Quote from beekee
If you read the screening questions off the computer in a monotone voice, then the questions are probably not that useful. However, I look at my patients, sit next to them, and ask gently. You'd be amazed at the responses you'll get. The charge nurses have frequently commented on how often my patients admit to feeling depressed/suicidal when I happen to be the nurse. (And no, I don't work in psych).
The paradox here is that while the ED seems like a great opportunity because of the sheer number of people we see, that itself, along with the setting, makes for an extremely poor screening procedure (to the point of being embarrassing and awkward because of the glaring lack of time to develop rapport). Unfortunately it's not uncommon for screening to be made part of the triage
process, to make matters worse. So here's how that goes:
There's a list of questions. Basically you need to get through them AFAP. A general expectation for most triages is that they will take a few minutes or less. So, while getting vitals and double-checking the name/DOB:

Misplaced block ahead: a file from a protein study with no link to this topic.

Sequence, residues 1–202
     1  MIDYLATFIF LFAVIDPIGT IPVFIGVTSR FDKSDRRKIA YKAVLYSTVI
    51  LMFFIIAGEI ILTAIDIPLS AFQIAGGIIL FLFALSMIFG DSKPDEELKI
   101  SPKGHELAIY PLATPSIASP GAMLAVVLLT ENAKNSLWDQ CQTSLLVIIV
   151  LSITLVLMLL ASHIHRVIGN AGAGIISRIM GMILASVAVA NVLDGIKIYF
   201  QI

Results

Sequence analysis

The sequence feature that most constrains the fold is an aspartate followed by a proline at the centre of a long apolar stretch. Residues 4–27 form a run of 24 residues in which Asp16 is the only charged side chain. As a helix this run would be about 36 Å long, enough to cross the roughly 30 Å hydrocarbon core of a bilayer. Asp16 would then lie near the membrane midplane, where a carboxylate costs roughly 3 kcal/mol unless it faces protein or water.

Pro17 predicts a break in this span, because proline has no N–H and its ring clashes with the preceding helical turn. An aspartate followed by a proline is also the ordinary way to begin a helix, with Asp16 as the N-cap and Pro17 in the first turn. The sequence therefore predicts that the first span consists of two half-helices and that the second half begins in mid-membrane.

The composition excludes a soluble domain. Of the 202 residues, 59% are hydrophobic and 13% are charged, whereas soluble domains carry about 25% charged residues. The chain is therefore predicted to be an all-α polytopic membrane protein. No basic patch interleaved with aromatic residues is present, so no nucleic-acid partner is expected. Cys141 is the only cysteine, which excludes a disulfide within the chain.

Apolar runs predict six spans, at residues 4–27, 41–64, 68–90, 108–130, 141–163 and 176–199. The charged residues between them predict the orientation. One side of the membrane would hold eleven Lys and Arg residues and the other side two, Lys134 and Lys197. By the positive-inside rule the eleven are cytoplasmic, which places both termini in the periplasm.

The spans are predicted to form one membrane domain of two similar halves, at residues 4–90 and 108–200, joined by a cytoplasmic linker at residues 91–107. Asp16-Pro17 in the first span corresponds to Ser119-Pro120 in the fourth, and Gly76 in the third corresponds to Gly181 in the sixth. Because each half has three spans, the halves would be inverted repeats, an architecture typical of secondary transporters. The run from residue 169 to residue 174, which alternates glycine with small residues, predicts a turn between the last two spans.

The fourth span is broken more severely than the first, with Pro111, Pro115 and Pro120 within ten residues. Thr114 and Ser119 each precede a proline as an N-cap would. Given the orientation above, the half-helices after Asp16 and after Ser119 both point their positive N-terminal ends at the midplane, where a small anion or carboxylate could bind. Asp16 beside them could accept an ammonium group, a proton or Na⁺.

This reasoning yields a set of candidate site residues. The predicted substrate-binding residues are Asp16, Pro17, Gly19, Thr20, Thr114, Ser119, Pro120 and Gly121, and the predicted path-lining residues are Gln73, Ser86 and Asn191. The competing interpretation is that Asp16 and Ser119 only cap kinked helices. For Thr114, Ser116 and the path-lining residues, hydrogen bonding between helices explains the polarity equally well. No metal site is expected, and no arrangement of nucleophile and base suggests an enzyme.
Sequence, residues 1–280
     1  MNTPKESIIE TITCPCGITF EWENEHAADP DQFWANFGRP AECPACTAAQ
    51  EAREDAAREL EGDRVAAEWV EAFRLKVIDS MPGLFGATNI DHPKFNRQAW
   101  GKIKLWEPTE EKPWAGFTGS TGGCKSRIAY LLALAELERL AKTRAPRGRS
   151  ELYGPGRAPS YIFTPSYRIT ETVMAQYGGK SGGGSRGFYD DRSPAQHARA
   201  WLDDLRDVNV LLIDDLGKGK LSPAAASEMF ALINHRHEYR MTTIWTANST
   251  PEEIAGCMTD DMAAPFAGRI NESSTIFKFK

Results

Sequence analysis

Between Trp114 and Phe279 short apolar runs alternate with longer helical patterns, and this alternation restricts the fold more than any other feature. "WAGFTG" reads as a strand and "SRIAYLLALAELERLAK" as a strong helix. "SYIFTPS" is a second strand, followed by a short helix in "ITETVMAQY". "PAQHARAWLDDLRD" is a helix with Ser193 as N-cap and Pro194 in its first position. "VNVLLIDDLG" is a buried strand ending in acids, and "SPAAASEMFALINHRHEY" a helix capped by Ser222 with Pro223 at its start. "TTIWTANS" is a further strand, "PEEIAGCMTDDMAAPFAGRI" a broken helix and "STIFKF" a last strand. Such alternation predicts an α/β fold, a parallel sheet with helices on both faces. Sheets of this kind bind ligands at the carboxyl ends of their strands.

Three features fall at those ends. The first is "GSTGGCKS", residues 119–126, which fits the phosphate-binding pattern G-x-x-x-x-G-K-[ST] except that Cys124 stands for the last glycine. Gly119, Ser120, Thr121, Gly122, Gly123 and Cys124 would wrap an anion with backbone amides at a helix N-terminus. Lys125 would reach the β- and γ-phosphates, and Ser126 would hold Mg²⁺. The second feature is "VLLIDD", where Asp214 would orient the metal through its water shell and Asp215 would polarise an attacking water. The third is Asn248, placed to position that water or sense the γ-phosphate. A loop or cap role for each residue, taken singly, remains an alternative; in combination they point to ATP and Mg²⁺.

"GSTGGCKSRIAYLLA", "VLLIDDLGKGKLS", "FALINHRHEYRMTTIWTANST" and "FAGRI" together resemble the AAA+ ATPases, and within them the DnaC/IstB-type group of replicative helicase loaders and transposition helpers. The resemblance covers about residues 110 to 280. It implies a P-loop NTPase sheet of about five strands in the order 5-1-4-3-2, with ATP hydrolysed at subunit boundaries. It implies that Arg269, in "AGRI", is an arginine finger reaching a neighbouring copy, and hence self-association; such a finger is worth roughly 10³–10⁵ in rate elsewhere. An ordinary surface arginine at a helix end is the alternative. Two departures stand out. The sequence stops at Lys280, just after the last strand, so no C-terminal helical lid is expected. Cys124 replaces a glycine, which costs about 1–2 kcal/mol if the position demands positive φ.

Basic relevant med/surg hx
How did you get to the ED today?
Ever been a smoker?
Any chance you could be pregnant?
Recent travel/been out of the country?
Is English your primary language? If not, what is?
Are you living in a safe place/any concerns about your living situation?
Anyone hurting you?
Any thoughts of hurting yourself or anyone else?
No? Ok, great, have a seat and we'll call you when we have a bed.
Mind you, I am
trying to make eye contact, trying to convey my interest and attention, but the bottom line is to keep things rolling.
I, too, have never had anyone surprise me with a response. Really....not once. That's not to say there are not depressed, suicidal or homicidal patients that I triage. Just that no one has ever surprised me with a response to the rapid-fire question routine, which was not thought up by anyone currently doing the job of triage, I can promise you.